Our second week in Arizona went by really fast. We spent almost every night sitting around the dining room table working on our Art History book project and painting almost everyday.
After an exhilarating first week of exploration and acclimation, we found ourselves preparing for our first expedition in Utah at Coyote Gulch. The day leading up to this journey was filled with much excitement and organization. Before we were to head out, we had to pack up our backpacks with a variety of basic essentials, among them, group gear, clothing, a week’s worth of meals and WAG bags.
This Sunday, after one hour of sleep and a two hour drive to Boston, I boarded the early morning flight to Vegas with all but two of my Mountain Classroom mates. The flight was long, long enough to do some real thinking. I sat in my seat, contemplating my decision to go on this trip. Was I prepared?
After three decades of successful fall semester at sea programs, Proctor Academy has expanded its Ocean Classroom programs with a new eight week winter program at sea voyaging aboard the iconic Maine Schooner Harvey Gamage. Proctor’s fall semester program has run for the past 27 years in a row, most recently aboard Roseway, and has set an educational standard that has increased student demand beyond the capacity of one sailing ship. Now, Proctor will be working with two ships, Roseway and Gamage, thus enabling additional students to access the thrill and adventure of going to sea.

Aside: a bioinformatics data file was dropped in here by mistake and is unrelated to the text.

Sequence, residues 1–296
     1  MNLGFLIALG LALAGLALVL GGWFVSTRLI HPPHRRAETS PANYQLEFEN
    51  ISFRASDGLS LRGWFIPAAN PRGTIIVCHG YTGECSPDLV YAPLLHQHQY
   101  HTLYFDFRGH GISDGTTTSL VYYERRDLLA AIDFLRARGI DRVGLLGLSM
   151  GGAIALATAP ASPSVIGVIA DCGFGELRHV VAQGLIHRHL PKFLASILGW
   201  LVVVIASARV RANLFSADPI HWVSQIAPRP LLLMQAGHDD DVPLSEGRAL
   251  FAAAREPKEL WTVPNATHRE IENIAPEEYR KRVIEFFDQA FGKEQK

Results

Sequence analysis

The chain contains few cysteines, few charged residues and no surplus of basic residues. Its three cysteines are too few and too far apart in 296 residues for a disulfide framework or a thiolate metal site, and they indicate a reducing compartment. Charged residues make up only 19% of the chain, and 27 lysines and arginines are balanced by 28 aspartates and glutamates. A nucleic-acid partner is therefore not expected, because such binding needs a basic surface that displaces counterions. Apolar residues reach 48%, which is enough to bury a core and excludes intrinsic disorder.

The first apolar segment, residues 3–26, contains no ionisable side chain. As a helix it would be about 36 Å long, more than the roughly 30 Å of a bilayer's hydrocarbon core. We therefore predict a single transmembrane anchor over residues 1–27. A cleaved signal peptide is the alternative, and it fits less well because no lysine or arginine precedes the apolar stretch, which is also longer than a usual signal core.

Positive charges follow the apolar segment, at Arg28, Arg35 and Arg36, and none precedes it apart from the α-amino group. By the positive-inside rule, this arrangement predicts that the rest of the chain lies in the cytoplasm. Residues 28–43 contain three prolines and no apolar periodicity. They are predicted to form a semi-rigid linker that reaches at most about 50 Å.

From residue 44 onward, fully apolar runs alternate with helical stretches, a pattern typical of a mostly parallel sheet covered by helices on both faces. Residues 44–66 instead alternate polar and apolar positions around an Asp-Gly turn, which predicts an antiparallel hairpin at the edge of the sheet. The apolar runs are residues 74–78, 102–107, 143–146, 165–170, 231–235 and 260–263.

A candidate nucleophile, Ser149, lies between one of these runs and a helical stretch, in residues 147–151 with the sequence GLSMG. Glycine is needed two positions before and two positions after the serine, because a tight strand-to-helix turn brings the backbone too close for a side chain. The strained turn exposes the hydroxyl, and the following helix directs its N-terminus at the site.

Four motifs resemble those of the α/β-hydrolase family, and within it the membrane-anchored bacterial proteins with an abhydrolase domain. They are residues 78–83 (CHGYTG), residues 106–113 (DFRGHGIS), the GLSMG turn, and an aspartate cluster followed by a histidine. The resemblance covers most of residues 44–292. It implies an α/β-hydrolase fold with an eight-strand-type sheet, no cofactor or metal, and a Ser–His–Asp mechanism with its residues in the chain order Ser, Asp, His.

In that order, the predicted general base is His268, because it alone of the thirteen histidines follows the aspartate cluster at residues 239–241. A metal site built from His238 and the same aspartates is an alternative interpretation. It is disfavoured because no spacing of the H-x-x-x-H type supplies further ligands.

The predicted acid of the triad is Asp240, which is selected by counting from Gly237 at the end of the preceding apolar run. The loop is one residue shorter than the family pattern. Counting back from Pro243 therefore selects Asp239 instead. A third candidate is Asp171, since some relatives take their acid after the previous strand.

Two months ago, a group of ten Proctor students and two instructors arrived in Las Vegas, Nevada to launch Proctor’s winter Mountain Classroom program during what would be the most challenging months of the Covid-19 global pandemic. The past eight weeks have been nothing short of life-changing for those ten students. Read about their final independent student group expedition through the eyes of Ayla below.
For the first time ever, Proctor Academy offered a winter Ocean Classroom program. Based in St. Croix, the program partnered with the World Ocean School to offer eight students the opportunity to study, explore, and serve others within the St. Croix and surrounding island communities. Read student journal entries from the past two weeks below. A huge thank you to the World Ocean School, Holly, Ocean Classroom director Brooks Bicknell '77, and the crew of Roseway for making this adventure happen!
February 15 2021: After a hearty breakfast it was time for the long awaited and highly anticipated solo briefing. After being constantly reminded over the course of the term that “all questions about solo will be answered at the solo briefing”, we were extremely curious and prepared. Quinn and Erica explained what we were doing and how solos would work. Three nights in the wilderness in complete solitude. Upon being briefed, the room was filled with mixed emotions, some were excited to have some quality time to themselves to relax and others were anxious to be left alone in the wild with no one to talk to. I was somewhere in between.